Supraventricular Tachycardia



  • The term supraventricular tachycardia (SVT) is generally used to refer to atrioventricular nodal reentry tachycardia (AVNRT), atrioventricular reciprocating tachycardia (AVRT), and atrial tachycardia (AT) but includes any tachycardia originating at or above the atrioventricular (AV) node.
  • The heart rate in SVT in infants generally ranges from 220 to 320 beats per minute (bpm) and in older children from 150 to 250 bpm.


  • SVT is the most common arrhythmia in childhood.
  • Incidence of SVT is 35 per 100,000 per year.
  • Prevalence of SVT is 1 in 250 to 25,000 children.
  • AVRT is the most common type of SVT in children, occurring in ~75% of cases.
  • AVNRT rarely occurs before age 2 years.
  • 50–60% of pediatric patients with SVT present in the 1st year of life.

Risk Factors

  • Most children with SVT have structurally normal hearts; however, children with congenital heart disease (CHD) have an increased risk of SVT.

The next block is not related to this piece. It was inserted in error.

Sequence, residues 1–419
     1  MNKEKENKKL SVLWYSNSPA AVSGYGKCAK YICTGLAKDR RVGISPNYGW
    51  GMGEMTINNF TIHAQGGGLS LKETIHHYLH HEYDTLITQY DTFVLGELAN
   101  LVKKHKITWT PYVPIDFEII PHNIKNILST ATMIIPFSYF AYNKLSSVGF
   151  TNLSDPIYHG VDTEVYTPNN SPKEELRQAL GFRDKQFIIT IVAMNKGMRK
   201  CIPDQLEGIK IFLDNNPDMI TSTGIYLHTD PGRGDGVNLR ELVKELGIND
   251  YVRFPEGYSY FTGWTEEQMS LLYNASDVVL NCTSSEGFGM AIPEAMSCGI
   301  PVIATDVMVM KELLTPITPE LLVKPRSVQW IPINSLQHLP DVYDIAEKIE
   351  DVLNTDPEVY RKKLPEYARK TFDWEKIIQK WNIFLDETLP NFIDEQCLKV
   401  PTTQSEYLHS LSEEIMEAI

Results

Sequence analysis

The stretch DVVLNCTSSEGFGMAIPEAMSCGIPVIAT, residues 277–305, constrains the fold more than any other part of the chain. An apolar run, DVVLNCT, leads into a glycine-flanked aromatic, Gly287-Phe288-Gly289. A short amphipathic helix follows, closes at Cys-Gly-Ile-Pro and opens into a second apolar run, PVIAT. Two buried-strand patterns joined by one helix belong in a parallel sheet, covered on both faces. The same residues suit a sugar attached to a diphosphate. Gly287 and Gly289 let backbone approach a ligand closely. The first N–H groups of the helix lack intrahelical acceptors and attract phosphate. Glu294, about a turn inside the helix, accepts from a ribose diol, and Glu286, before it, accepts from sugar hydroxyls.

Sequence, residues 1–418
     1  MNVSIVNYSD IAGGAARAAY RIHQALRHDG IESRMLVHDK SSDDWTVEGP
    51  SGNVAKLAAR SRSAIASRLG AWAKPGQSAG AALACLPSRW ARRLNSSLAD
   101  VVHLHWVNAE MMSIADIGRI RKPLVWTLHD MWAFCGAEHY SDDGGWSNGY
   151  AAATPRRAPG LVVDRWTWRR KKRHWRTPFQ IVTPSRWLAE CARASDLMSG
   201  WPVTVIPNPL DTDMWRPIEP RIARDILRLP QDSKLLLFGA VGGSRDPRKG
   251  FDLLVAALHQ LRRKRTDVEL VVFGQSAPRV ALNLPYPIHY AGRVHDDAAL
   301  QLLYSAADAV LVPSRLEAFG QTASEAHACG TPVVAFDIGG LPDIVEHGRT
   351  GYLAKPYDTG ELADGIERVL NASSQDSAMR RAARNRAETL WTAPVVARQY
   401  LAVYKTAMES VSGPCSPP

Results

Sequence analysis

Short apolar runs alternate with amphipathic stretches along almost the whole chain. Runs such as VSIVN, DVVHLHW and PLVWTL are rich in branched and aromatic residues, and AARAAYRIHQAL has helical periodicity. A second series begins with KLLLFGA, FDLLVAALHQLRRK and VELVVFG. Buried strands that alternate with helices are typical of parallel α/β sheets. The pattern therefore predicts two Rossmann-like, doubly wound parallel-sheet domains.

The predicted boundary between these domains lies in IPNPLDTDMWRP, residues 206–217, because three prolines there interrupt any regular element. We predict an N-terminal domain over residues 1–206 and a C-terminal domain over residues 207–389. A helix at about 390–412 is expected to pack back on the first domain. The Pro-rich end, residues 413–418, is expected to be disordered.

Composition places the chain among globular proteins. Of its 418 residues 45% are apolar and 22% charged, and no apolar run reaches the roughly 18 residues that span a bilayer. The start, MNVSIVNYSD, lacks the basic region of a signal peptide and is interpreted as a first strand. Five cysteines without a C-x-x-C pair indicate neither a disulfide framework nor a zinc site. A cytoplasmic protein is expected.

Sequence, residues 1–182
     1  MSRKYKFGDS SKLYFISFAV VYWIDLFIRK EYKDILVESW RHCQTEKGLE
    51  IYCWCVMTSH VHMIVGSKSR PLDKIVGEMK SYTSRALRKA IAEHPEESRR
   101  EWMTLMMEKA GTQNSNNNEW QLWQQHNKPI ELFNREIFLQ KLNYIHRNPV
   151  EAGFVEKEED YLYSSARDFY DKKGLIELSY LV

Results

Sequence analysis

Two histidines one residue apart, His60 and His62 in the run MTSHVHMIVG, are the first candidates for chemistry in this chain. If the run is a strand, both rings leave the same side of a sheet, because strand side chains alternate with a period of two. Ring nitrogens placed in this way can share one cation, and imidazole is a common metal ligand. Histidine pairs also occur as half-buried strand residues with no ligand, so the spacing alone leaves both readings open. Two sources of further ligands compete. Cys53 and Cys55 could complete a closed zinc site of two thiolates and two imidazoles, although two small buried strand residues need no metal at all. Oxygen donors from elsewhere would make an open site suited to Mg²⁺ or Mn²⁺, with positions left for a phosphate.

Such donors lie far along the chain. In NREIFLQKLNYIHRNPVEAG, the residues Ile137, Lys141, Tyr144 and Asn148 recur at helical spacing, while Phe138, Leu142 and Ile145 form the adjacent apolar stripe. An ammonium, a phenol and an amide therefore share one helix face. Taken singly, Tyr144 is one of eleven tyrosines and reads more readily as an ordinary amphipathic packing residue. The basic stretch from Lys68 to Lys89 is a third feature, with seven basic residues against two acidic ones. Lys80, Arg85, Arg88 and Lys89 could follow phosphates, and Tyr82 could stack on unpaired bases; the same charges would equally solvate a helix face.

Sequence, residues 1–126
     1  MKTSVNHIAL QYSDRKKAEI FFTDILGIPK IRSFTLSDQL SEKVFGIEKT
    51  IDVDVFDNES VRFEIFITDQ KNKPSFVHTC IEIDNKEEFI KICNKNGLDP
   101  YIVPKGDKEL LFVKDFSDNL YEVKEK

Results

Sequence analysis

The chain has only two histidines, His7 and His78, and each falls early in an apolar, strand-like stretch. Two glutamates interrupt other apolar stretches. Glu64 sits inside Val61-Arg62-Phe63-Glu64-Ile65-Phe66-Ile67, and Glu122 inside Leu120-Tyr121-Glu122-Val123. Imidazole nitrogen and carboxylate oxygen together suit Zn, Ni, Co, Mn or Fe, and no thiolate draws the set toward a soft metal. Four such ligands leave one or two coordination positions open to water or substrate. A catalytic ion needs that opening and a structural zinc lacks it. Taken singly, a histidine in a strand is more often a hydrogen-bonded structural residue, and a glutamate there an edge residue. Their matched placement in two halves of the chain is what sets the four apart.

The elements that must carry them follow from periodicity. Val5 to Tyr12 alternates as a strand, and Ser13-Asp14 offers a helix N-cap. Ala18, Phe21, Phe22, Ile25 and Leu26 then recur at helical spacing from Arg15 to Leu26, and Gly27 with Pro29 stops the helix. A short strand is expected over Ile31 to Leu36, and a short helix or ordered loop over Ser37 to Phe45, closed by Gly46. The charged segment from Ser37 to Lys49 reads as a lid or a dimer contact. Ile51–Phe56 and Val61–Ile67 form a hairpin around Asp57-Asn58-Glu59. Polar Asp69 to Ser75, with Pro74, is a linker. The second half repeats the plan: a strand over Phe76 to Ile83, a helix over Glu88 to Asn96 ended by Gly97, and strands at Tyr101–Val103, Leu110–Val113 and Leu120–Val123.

• SVT is commonly observed in patients who have undergone surgery for CHD, for example, after the Mustard/Senning procedure, the Fontan operation, and repair of an atrial septal defect.


  • Wolff-Parkinson-White syndrome (WPW) syndrome has been noted in several families, and an autosomal dominant (AD) mode of inheritance has been demonstrated:
    • ~15% of cases of WPW have associated CHD, such as Ebstein anomaly, l-looped transposition of the great arteries, and hypertrophic cardiomyopathy.
  • ~50% of the cases of junctional ectopic tachycardia (JET) occur in a familial setting with an AD mode of inheritance.


There are two major mechanisms for SVT:

  • Reentry tachycardia:
    • This is the most common mechanism for SVT.
    • It involves a circuit rhythm within the atria (atrial flutter), within the AV node (AVNRT), or using an accessory pathway (AVRT); characterized by sudden onset and termination, regular rate, and responsiveness to pacing maneuvers and DC cardioversion
  • Automatic tachycardia:
    • Automaticity refers to a group of cells’ enhanced ability to spontaneously depolarize, which can overdrive suppress the sinus node.
    • Examples are ectopic atrial tachycardia, multifocal atrial tachycardia, and JET; characterized by warm-up and cool-down phases, an irregular rate that is sensitive to catecholamine states, and lack of responsiveness to pacing and cardioversion


SVT can frequently be precipitated by exercise, infection, fever, or drug exposure.

There's more to see -- the rest of this topic is available only to subscribers.